A wicked problem stands in contrast to a “tame” problem; it’s a social and/or cultural challenge where solutions are not true-or-false, right-or-wrong, but instead are better or worse. It may have unforeseen outcomes, is multi-causal, involves changing attitudes and behaviors, and is socio-culturally complex. And the definition of the problem itself depends on who is doing the defining.
Providing universal access to clean water is an example of a wicked problem area, which ultimately needs to be contextualized, reduced, and articulated as a manageable problem set. During the design process, a team could collaborate with lawyers, politicians, theologians, hydrologists, activists, corporate executives, environmental scientists, labor unions, physicians, international aid agencies, processing plant technicians, as well as a diverse public. In the end, “solutions”—products, interfaces, processes, graphics, experiences, structures, etc.—are developed with an understanding of the larger system, that are sensitive for the competing demands of broad stakeholders, and that make a meaningful contribution to the broader problem.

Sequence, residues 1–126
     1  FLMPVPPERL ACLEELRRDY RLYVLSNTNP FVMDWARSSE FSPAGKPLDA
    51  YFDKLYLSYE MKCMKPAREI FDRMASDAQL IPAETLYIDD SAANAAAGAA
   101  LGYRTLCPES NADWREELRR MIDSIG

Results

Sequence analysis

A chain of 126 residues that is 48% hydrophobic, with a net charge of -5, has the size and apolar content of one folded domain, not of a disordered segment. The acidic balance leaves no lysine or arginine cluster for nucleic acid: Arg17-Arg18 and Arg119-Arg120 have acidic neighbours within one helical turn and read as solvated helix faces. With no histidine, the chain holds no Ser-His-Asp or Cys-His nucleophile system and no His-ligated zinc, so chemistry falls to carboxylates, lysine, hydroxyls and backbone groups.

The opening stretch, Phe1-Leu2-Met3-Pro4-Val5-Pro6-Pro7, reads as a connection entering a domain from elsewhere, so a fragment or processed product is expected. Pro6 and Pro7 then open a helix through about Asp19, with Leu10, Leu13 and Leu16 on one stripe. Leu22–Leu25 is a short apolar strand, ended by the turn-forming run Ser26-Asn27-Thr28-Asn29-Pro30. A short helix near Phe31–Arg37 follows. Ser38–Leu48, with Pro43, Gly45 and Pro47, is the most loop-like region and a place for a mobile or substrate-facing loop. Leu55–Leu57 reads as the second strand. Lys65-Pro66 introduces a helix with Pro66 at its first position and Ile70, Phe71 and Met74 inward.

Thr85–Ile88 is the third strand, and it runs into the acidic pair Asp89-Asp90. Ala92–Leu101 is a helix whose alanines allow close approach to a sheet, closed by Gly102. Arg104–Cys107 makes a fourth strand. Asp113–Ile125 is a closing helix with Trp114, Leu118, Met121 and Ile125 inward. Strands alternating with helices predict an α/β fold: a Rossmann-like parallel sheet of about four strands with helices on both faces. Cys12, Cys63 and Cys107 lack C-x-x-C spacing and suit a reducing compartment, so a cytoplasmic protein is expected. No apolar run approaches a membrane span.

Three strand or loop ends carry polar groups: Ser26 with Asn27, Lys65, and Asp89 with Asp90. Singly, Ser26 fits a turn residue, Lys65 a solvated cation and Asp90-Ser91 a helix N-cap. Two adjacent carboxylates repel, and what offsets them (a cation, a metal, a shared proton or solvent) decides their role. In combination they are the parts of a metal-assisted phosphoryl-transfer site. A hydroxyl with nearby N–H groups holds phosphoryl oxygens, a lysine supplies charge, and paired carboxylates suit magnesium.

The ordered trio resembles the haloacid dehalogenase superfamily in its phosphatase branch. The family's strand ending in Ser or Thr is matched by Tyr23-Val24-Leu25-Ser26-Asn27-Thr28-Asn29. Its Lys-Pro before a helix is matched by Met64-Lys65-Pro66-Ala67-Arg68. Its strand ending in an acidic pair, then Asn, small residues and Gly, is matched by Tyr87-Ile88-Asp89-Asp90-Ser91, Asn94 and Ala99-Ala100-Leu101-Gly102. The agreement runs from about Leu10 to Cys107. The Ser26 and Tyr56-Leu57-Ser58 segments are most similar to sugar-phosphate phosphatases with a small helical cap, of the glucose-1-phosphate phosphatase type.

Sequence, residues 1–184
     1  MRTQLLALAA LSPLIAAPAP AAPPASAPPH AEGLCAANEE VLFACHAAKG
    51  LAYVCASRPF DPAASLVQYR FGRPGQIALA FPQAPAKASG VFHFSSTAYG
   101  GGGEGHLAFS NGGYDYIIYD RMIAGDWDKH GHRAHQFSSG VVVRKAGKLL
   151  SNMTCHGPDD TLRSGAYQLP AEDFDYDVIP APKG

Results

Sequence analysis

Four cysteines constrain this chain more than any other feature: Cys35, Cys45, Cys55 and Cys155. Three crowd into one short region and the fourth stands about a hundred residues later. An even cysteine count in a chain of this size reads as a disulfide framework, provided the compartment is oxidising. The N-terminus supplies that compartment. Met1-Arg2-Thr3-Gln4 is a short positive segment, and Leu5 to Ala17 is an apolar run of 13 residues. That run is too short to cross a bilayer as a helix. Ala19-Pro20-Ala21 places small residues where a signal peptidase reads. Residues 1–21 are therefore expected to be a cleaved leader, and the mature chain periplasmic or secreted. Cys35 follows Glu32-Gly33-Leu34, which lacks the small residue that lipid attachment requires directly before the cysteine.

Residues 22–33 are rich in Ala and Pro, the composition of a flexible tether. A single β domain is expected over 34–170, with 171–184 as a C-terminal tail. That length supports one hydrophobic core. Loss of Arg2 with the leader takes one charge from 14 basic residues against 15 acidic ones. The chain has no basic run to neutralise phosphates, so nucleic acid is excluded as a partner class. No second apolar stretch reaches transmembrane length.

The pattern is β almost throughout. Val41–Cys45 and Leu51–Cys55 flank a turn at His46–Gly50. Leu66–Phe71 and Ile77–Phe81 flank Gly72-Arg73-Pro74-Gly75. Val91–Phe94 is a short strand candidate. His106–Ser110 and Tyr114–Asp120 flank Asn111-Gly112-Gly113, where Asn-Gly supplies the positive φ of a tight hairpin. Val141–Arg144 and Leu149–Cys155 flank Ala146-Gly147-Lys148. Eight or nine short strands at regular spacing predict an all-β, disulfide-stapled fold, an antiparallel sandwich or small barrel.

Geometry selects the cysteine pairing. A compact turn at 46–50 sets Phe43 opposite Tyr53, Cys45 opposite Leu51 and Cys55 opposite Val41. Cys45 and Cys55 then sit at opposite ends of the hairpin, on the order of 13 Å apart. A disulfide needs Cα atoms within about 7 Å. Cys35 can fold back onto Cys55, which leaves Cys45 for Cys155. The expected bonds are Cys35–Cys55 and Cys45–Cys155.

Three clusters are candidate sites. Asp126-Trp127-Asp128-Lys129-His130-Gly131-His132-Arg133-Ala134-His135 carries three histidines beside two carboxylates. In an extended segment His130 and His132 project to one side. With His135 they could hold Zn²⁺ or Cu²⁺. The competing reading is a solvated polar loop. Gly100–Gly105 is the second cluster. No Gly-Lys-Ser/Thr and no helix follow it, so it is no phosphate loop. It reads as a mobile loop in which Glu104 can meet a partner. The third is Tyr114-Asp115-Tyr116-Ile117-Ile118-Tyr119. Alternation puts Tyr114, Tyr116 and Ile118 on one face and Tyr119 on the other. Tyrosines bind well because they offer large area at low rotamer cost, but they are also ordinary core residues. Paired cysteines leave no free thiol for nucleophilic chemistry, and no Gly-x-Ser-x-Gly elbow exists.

See: H.W.J. Rittel and M.M. Webber, “Dilemmas in a General Theory of Planning,” Policy Sciences, Vol. 4, No. 2, June 1973, pp. 155–69.